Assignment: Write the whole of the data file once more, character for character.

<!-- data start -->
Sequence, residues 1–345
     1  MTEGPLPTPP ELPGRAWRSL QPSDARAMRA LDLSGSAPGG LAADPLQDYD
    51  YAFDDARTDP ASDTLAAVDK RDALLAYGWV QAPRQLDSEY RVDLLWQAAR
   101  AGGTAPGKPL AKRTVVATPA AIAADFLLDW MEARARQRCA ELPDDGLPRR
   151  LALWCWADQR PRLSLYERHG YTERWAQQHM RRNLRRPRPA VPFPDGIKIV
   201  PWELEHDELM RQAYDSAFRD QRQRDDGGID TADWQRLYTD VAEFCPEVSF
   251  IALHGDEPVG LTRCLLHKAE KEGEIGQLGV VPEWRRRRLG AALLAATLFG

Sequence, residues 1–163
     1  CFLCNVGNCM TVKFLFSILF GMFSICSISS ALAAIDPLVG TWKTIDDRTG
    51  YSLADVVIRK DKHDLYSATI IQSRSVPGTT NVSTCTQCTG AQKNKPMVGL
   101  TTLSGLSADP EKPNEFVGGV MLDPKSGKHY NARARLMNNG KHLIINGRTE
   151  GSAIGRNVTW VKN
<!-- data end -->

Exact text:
Sequence, residues 1–345
     1  MTEGPLPTPP ELPGRAWRSL QPSDARAMRA LDLSGSAPGG LAADPLQDYD
    51  YAFDDARTDP ASDTLAAVDK RDALLAYGWV QAPRQLDSEY RVDLLWQAAR
   101  AGGTAPGKPL AKRTVVATPA AIAADFLLDW MEARARQRCA ELPDDGLPRR
   151  LALWCWADQR PRLSLYERHG YTERWAQQHM RRNLRRPRPA VPFPDGIKIV
   201  PWELEHDELM RQAYDSAFRD QRQRDDGGID TADWQRLYTD VAEFCPEVSF
   251  IALHGDEPVG LTRCLLHKAE KEGEIGQLGV VPEWRRRRLG AALLAATLFG

Sequence, residues 1–163
     1  CFLCNVGNCM TVKFLFSILF GMFSICSISS ALAAIDPLVG TWKTIDDRTG
    51  YSLADVVIRK DKHDLYSATI IQSRSVPGTT NVSTCTQCTG AQKNKPMVGL
   101  TTLSGLSADP EKPNEFVGGV MLDPKSGKHY NARARLMNNG KHLIINGRTE
   151  GSAIGRNVTW VKN